...I don't see why there would be a "myriad of resultant faults", once the engine has been swapped out it should be as good as new.
    Neilmcl...The thing is that, in my case here, "as good as new" was faulty. The more I think about it, the more I'm losing confidence in the car.

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    You've got to decide what's right for you. There are a number of options open, but some may be more acceptable to you than others. You'll also have to fight/negotiate with Audi UK and the dealer. For example, if you went for a new car, assuming it's a factory order with options you'd be looking at another few months wait in most cases. Are you happy to wait?

    If the car had developed the fault coming off the production line, they'd have swapped out the engine before delivery and you'd be none the wiser. It also won't affect your resale value in any way. I've been in a similar situation twice and I can feel your frustration. When we take delivery we expect everything to be perfect - unfortunately things do go wrong though. Would you feel any better if the engine let go after 1 month or 6 months or 12 months? In both cases when it happened to me, I kept the car but had some form of compensation. However, my immediate response in both cases was to reject the car as both faults were within the first two weeks.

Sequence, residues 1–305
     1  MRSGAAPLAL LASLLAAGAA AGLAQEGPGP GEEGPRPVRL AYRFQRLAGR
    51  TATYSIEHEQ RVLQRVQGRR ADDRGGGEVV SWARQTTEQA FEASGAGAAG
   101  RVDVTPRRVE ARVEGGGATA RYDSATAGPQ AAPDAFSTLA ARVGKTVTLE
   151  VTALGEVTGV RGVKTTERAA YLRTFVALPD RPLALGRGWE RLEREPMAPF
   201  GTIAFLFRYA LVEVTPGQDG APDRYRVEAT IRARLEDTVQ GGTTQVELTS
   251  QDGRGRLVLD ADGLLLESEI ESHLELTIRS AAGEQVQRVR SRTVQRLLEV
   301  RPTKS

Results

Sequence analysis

If it were my car, I think I'd be asking for them to sort it ASAP, a decent courtesy car in the meantime and some compensation for the inconvenience (e.g. Extended warranty and servicing... maybe audi complete for next three years to cover all servicing, maintenance and tyres).

    Spend some time thinking it through to decide on the right course of action for you.
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    Hittchy, I can't disagree with any of your points! I'm speaking with the Head of Business on Monday 20th May to see the lay of the land. It will be interesting to see whether Audi themselves suggest a sensible compensation package (extended warranty etc.) without prompt. Although not ideal, I can wait for a new build replacement car, assuming I have a courtesy car in the meantime.